Russia exporting wheat and weatherWheat started the short trading week lower and extended session losses. Early selling was tied to weekend reports from Russia stating its intent to lift the export ban on wheat. The news pushed wheat lower and into sell stops, which only accelerated session losses. Rain over the weekend in parts of Europe added to the session’s pressure. Losses limited by slow planting progress of spring wheat in the Northern Plains, but in the end, the pressure from the market hitting sell stops proved to be too much to overcome.
By: Ray Grabanski, Special to Agweek
Wheat started the short trading week lower and extended session losses. Early selling was tied to weekend reports from Russia stating its intent to lift the export ban on wheat. The news pushed wheat lower and into sell stops, which only accelerated session losses. Rain over the weekend in parts of Europe added to the session’s pressure. Losses limited by slow planting progress of spring wheat in the Northern Plains, but in the end, the pressure from the market hitting sell stops proved to be too much to overcome.
The June 1 session wheat again started on the defense with most of the pressure in the winter wheat contracts continuing to come from news that Russia will be re-entering the export market. Minneapolis continues to be the best wheat performer as planting delays continue to be the main focus of traders’ attentions. There is a small window of opportunity to plant wheat around midweek, but once the next rains system hits, it could signal the end of spring wheat’s planting season.
The wheat exchanges opened June 2’s session with modest gains and pushed slightly to post solid gains into the close. Early support was a result of technical strength as most of the wheat exchanges traded down to support lines this week after the news that Russia was going to be re entering the export market. Weather issues returned to the forefront as weather continues to delay planting in the Northern Plains while drought continues to decrease the potential size of the Southern Plains crop. France and Greece have seen some rains, but not enough to help reverse production issues from drought. Informa released ita recent estimate for the 2011 winter wheat crop. Their recent estimate is at 1.421 billion bushels compared to its May estimate of 1.441 billion bushels and USDA’s 1.424 billion-bushel estimate.
USDA reported last week’s wheat’s export inspections pace at 26.2 million bushels. This brings the year-to-date export shipments pace for wheat to 1.253 billion bushels compared to 849.4 million bushels for last year at this time. This was the final week in wheat’s export marketing year. Wheat shipments fell 22 million bushels short of USDA’s projection of 1.275 billion bushels. Last week’s wheat export sale pace was estimated at a combined total of 11.3 million bushels with -1.1 million bushels (cancelation) being old crop and 12.4 million bushels being new crop. This brings the year-to-date export sales pace for wheat to 1.297 billion bushels compared with 830.8 million bushels for last year at this time. Wheat’s export sales pace has exceeded (by 22 million bushels) USDA’s projection of 1.275 billion bushels.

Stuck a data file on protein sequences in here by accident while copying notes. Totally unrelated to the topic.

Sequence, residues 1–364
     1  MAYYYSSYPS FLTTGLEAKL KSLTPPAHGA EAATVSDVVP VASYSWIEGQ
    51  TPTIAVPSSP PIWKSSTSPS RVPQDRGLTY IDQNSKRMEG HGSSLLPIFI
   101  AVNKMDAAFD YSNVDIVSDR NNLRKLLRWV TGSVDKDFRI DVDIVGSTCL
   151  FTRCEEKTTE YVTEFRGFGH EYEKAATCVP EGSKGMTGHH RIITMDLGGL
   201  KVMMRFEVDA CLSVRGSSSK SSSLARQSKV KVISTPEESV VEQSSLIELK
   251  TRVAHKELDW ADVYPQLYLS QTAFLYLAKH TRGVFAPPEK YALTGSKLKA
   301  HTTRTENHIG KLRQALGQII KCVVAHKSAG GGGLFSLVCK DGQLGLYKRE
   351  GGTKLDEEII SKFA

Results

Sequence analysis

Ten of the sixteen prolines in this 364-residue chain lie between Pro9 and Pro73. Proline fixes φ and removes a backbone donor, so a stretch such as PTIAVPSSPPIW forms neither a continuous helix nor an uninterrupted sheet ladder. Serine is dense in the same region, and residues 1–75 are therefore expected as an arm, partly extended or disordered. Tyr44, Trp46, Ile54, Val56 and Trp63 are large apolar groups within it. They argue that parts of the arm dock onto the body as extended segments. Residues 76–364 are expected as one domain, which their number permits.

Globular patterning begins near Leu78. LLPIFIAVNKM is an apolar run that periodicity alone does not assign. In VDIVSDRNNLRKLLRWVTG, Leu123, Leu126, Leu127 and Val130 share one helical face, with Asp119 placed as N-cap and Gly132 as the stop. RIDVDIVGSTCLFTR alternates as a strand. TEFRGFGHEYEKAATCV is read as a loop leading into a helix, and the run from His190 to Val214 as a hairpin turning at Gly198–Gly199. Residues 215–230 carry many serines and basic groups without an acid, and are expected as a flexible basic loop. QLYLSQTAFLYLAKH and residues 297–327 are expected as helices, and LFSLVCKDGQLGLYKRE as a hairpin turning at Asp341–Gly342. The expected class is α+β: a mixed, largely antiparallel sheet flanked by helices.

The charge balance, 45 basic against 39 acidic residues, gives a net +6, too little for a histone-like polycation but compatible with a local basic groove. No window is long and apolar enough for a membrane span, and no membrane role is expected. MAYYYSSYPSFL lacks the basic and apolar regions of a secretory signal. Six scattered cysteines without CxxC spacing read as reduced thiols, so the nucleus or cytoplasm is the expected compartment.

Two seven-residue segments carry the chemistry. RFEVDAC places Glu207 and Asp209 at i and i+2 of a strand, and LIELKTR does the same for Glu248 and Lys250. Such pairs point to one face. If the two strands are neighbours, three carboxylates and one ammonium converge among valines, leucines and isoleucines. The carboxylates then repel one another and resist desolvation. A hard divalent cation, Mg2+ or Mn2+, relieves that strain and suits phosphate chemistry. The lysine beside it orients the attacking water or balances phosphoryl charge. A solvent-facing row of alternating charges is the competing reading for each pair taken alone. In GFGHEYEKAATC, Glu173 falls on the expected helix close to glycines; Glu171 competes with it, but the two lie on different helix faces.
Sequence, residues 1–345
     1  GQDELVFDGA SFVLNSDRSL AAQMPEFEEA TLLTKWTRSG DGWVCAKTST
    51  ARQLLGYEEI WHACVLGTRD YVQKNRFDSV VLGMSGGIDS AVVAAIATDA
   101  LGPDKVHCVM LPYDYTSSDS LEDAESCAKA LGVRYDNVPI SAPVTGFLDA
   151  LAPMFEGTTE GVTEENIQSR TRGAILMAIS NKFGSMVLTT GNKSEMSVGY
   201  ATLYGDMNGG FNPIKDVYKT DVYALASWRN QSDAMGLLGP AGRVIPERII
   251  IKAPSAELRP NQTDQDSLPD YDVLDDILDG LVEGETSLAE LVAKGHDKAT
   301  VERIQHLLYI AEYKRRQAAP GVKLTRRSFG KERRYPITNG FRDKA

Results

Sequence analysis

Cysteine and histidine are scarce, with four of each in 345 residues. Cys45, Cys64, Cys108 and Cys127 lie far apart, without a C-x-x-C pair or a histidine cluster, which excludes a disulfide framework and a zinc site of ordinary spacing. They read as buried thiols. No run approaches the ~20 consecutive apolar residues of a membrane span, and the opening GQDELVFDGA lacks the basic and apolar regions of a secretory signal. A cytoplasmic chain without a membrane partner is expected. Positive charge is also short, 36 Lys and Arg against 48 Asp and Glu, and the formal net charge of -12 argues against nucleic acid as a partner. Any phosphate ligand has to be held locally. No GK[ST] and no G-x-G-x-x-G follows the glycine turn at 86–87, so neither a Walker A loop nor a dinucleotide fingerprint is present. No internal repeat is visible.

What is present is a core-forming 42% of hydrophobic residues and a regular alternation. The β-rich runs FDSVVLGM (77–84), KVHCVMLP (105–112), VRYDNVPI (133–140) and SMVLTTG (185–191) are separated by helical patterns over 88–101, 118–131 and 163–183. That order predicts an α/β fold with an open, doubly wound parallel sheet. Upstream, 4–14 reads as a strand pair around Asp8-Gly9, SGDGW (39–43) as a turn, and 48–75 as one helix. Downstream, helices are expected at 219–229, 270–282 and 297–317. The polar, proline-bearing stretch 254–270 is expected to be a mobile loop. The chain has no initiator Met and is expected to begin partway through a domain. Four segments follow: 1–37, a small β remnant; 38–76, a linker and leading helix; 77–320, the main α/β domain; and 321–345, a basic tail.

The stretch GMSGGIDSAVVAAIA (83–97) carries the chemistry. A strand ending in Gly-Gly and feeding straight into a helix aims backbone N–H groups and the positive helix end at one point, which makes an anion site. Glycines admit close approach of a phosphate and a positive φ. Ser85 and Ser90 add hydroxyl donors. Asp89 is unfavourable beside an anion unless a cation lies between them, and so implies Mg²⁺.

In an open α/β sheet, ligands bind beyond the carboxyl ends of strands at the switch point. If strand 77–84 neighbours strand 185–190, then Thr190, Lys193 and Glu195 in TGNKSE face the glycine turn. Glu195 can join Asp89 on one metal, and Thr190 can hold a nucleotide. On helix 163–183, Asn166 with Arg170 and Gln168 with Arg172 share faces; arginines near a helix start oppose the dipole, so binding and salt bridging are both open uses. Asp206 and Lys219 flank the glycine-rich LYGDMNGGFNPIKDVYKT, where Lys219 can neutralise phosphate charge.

Corn started the short trading week opening lower, but firming to trade both sides of unchanged until late in the session, when a sell-off forced corn to double-digit losses. Concerns with planted acreage losses due to heavy rains offered support early. Also, hot and dry weather in the southeast and Delta states, were seen as supporting factors. But, the weakness in the wheat complex weighed on corn. Adding pressure was forecasts calling for dry weather in the eastern Corn Belt, which will allow planters to return to the field.
Corn opened lower June 1 but moved higher into the close. Early pressure spilled over from a lower wheat complex. But the market did firm up by midday on the lack of planting progress. May 31’s planting progress report showed Ohio was just 19 percent planted as compared with its five-year average of 93 percent and Indiana is 59 percent planted compared with its five-year average of 87 percent. This leaves 12.9 million acres to be planted in June and near 2.7 million acres in Ohio and 2.9 million acres in Indiana. A private firm released a U.S. corn planted acreage estimate of just 87.233 million acres, and that added support.
The June 2 session had corn open higher and trade with green numbers for the day and to close at new contract highs in the new crop months. The market found support from a wet forecast returning to the eastern Corn Belt in coming days. The market also is finding support as private firms start to release their acreage estimates. Some private analysts now are indicating that U.S. corn planted acres could be almost 5 million acres smaller than the initial USDA March estimate. The 5 million-acre adjustment would remove about 700 million bushels from balance sheets that already is one of the tightest on record. Ethanol production for the week ending May 27 averaged 909,000 barrels per day, up 0.78 percent vs. last week and up 7.32 percent vs. last year. Corn used in last week’s production is estimated at 95.445 million bushels. Corn use needs to average 102.77 million bushels per week to meet this crop year’s USDA estimate of 5 billion bushels. Stocks were 20.227 million barrels, down 2.74 percent vs. last week.